by Liz Flaherty
I had the idea of blogging about the settings for our books, offering up a travelogue. it was an easy thought for me because most of mine have been here in Indiana, right close to where I live. Oh, except for the ones that were in Kentucky. And Tennessee. And Vermont, the homeland of my heart. The Internet makes it easy to research different places, but it doesn't make it easy to hear those places. Or smell the sea if you're inland. Or stand rapt at the foot of a mountain if you're on flat land. That's where being writers comes in.
I named a tearoom in Every Time We Say Goodbye Seven Pillars. The real ones are a set of caves on the Mississinewa River.
Both that book and my next one, tentatively titled It Was Written In the Stars, take place on a fictitious lake just over and down a piece from where I live. Here is Lake Manitou, the REAL Miniagua.
|Photo by Chris McGuire|
Back to McGuffey's was set in the fictitious town of Fionnegan, a pretty little place in the shadow of Wish Mountain. Neither of them exist anywhere except my heart, but I "found" them after visiting Jay Peak...
I love the pictures, both Helen's and the ones I've borrowed for here, but more important than how pretty they are is how they make you feel. Helen mentions below that she can "summon up total sensory recall..." I know jealousy is ugly...but I am. Other than the sound of the ocean and 1960s music--yes, really--not much calls up my senses. I have to find them in pictures.
When I look at Manitou's picture, I remember the smell of summer on the lake. Jay Peak makes me remember driving to its top on a skinny little road. I found out I could hold my breath for a really long time. The picture of Danville brings back the sounds in the general store.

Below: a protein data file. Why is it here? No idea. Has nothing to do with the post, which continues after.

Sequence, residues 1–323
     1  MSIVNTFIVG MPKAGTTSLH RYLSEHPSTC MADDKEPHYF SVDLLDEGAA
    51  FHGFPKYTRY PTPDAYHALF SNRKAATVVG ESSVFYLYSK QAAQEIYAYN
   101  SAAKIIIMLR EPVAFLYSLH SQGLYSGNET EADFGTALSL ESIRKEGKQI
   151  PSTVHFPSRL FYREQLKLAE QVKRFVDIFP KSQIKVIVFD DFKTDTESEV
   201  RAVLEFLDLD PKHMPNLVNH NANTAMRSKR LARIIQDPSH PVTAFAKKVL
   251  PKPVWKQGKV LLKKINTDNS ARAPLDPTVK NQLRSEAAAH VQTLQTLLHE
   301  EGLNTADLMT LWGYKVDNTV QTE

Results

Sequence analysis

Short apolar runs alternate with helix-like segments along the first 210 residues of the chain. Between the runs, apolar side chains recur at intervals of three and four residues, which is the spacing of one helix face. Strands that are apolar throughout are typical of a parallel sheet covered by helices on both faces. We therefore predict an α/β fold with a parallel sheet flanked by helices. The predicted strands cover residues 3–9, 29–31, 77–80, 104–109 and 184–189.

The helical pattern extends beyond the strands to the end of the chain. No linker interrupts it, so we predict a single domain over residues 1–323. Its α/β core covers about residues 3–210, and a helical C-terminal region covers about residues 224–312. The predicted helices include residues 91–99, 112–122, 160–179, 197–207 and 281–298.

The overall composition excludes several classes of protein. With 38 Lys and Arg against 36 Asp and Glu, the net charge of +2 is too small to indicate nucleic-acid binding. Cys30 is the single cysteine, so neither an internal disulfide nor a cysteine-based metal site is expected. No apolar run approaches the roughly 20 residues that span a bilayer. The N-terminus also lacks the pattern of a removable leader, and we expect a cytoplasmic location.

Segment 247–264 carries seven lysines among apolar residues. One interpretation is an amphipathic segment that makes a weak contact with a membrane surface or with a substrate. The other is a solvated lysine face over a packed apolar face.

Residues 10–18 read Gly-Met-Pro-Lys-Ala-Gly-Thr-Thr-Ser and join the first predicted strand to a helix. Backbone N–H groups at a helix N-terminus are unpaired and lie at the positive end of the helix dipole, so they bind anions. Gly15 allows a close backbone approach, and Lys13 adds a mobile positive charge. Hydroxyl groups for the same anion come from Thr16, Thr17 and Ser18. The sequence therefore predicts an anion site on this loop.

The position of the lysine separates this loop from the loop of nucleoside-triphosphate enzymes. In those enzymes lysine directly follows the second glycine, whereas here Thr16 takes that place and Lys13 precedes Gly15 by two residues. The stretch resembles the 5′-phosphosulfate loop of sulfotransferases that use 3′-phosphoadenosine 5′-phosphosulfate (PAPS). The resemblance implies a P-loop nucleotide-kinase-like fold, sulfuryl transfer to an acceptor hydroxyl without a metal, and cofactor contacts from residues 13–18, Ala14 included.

I tend to use big old Victorian houses in my books, and I'll look them up while I'm writing so I can hear the sound of footsteps on the hardwood floor of a high-ceilinged room.
I guess my travelogue became more of a sail through the senses, but I never seem to finish a post the way I start one. I'll be entering the editing process for It Was Written In the Stars soon--that tendency might come back to haunt me!
Have a great day. Where are we going, Helen?
by Helen DePrima
I love Liz’s idea for a travelogue of settings for our books. Although I do occasionally set brief segments in places I’ve never visited, I depend heavily on locations where I can summon up total sensory recall – scents, the songs of birds native to an area, the taste of local foods, even the feel of the air on my face.
To this point, I’ve set my books in the mountain West and in my home state of Kentucky from which I can draw an endless supply of sensations. I’ve helped move cattle; I’ve climbed through the cliff dwellings at Mesa Verde and experienced the white-knuckled crossing of Wolf Creek Pass I described in Luke’s Ride, the third novel in the Cameron’s Pride series. I’ve also spent many hours attending Professional Bull Riding events, listening and observing from public seating and behind the scenes to catch the sounds and smells, the cadence of voices to pirate for my dialogue. I set great store by authenticity; nothing turns me off faster in a book than a flagrant error in what might be probable or at least possible. My tastes in both reading and writing are set firmly in reality.
One locale calling to me lately is coastal Maine. Living only an hour from the New Hampshire-Maine border, I’ve spent considerable time both on the shore and crewing on a friend’s 40-foot ketch between New Hampshire and Boothbay Harbor, Maine. A tale set on a private island Down East has been clamoring for my attention lately. Maybe it’s time to exchange the smell of sagebrush for the scent of rockweed at low time, the touch of fog and the cries of seabirds for desert air and magpies’ chatter. A new venue, a fresh start.